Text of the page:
Yet, one of the last welcoming gestures I received from my father did not occur at the farm. It was three weeks prior to his death . . . a Saturday . . . May 6th. My father had spent only two nights during the previous month on the farm. After being in two hospitals, he stayed eleven days in a nursing facility prior to moving into assisted living. On this day, he had just spent his first night in assisted living when my husband and I came for a visit. We had been the first of his children he had seen since his last night in the hospital. When he saw me, he grabbed me and held me fast. The hug that welcomed me was long and tight, its grip exceeding any other embrace I had experienced from him. I had returned, and he intensely welcomed me into his space.

To be welcomed.

It communicates, “You are important to me. You matter to me.” The simple act of welcoming says, “I embrace you, and you may come just as you are into my space. Your being is received by my being.” In this space there is acceptance. It communicates desire for the other. It is an invitation to receive the other. Its gesture rings of the words, be they spoken or unspoken, “Make yourself at home.” To welcome the other is to create a space that is a home away from home. It seeks to place one at ease. It invites one to be herself. It desires him to be comfortable. It validates the being of the other. It says to the other, “Come, just as you are.”

Conversely, when we are not welcomed, we are ill at ease.

Instead of an implicit or explicit “Come on in,” one receives a message of, “Stay away,” or one less blatant, “Oh, it’s just you.” In an instant, we may wish we could be anywhere else but there. We may feel shame and experience questions such as, “What is wrong with me?” There may be an overwhelming sense, “I am not good enough.” Feelings of loneliness may wrap around one’s being as isolation comes close. We may want to hide, fight back, or pretend such an unwelcoming did not occur.

Many of us probably know how to purposely un-welcome someone without saying a word. Let’s admit it: many of us have done it. Oh, we may respond to the other, be it verbally or via text or email, but the response is curt, such as “no” or “yes.” In such a response, we are secretly striving to communicate, “I do not want you here.” Of course, if anyone ever challenged our unwelcoming behavior, we can speciously say, “But I did not say the person was un-welcome. I answered her. I responded to him.” That may be true    . . . yet . . . while we attempt to console ourselves that we really did respond and while we attempt to deceive and protect ourselves from our own nastiness, in our heart of hearts we know: we desired to send a signal; the other caught it, and we both know it.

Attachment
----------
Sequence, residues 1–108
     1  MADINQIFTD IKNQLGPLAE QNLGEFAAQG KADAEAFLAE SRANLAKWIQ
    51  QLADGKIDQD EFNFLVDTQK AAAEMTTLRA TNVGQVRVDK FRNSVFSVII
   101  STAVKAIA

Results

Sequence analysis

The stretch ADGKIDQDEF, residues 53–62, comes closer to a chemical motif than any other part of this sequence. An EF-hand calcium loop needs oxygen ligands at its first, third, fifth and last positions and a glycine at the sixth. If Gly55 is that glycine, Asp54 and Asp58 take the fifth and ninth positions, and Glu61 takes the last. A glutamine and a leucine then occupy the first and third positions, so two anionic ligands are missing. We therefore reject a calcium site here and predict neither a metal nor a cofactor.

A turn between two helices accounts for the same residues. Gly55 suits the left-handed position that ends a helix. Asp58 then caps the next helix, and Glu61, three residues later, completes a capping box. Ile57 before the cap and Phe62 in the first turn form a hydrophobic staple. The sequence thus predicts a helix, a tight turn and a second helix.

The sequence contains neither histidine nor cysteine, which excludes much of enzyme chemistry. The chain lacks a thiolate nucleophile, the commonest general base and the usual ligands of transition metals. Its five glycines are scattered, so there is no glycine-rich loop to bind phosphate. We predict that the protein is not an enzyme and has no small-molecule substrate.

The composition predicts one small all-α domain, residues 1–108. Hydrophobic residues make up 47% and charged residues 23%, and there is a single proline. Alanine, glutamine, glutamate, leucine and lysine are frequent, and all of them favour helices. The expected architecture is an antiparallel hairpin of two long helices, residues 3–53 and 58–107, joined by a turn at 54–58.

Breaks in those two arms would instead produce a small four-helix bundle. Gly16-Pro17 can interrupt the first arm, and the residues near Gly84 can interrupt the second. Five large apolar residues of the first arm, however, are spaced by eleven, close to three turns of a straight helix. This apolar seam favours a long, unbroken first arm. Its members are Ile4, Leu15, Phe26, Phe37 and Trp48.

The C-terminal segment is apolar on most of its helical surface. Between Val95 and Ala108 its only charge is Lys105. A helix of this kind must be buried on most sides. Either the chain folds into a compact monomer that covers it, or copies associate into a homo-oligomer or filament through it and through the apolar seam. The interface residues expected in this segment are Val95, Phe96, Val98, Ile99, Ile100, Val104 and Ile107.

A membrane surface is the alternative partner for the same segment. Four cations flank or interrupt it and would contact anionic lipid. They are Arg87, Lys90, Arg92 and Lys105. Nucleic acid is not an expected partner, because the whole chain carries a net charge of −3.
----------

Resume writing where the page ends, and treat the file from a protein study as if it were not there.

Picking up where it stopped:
Such concealed knowledge can foster uncertainty for us: who will un-welcome us? If we un-welcome others into our space, who is to say others will not un-welcome us? Maybe it will be a stranger . . . a relative . . . a longtime friend . . . or maybe . . . God?

Whether we admit it or not, such is a common underlying anxiety: “Will I be un-welcomed by God?”

Christian music artist Sara Groves captures this when she puts her grandfather’s exact words to song:

How much foolishness and folly are allowed in your graceland
How much doubt and melancholy
‘Til I’m lost[1]

Thus, it would seem that no matter our age, we may wonder, “If humans un-welcome each other, what makes us think God will welcome us? Is God’s love any different from humanity’s love?”

In search of an answer to such a question, I draw our attention to the Lukan corpus of Luke-Acts where Luke is addressing Theophilus.

Some scholars assert that Theophilus was a Gentile who was questioning whether or not to remain a believer partly due to his experience of how unwelcoming the Christian community was to the Gentiles. Darrel Bock holds that Theophilus is being called to be faithful to a new community that is embroiled in conflict between Jews and Gentiles, a place that he is experiencing rejection.[2] Luke seeks to assure Theophilus to remain because he is welcome. Consider the following:

  • Luke-Acts highlights fellowship meals, places of welcome.
  • Luke includes the parable of the Good Samaritan, which is preceded by the question, “Who is my neighbor?”
  • The Gospel of Luke displays the welcoming nature of Jesus as he sat with sinners and tax collectors (5:30–32; 19:2–10).

For instance, Luke states in 15:1–2: “Now all the tax collectors and sinners were coming to hear him. But the Pharisees and the experts in the law were complaining, ‘This man welcomes sinners and eats with them.’” It is within this context that the parable of the Prodigal Son appears, a parable that signifies the welcoming nature of God as portrayed by a father welcoming a wayward son home. When the father’s youngest son decides to return home, Luke depicts the scene:

But while he was still a long way from home his father saw him, and his heart went out to him; he ran and hugged his son and kissed him.

This is, as Charles Talbert writes, “a dramatic demonstration” of “unexpected love” as “[t]he father’s actions were without restraint” towards his wayward son. Some may say that the father’s actions were “to the point of humiliating himself” in that “he ran,” and dignified, elderly men from that region of the world during that time did not run.[3] The father’s hope, joy, and love were communicated in his welcome . . . come, just as you are  . . . you are welcome here . . . I want you home.

Notice: Notably absent is the message of unwelcome. No explicit turning away from humanity. No ignoring humanity’s cry for God. No implicit message of “You are not welcome here.” What we see is that God’s love is not like human love. God is waiting in anticipation to welcome humanity . . . similar to that of a child waiting for her siblings to return . . . similar to an elderly parent waiting for his children . . . God waits . . . watches . . . anticipating your return . . . longing to welcome you . . . home. I close with the words from the aforementioned song:

You are standing in the driveway

As I come up the street

I can tell by your movement you’re not angry

You are waiting there . . .

You are running now

You are running[4]

 

Thanks to pixabay.com from the above image.

[1] Sara Groves, “My Dream,” Floodplain (Brentwood, TN: Fair Trade Services, 2015).

[2] Darrel Bock, “Luke, Gospel of,” in The Dictionary of Jesus and the Gospels, eds. Joel B. Green and Scot McKnight (Downers Grove, IL: InterVarsity Press, 1992), Accordance edition, 498.

[3] Charles Talbert, Reading Luke: A Literary and Theological Commentary on the Third Gospel, (Macon, GA: Smyth & Helwys Publishing, 2012), Kindle edition, 180.

[4] Groves, “My Dream.”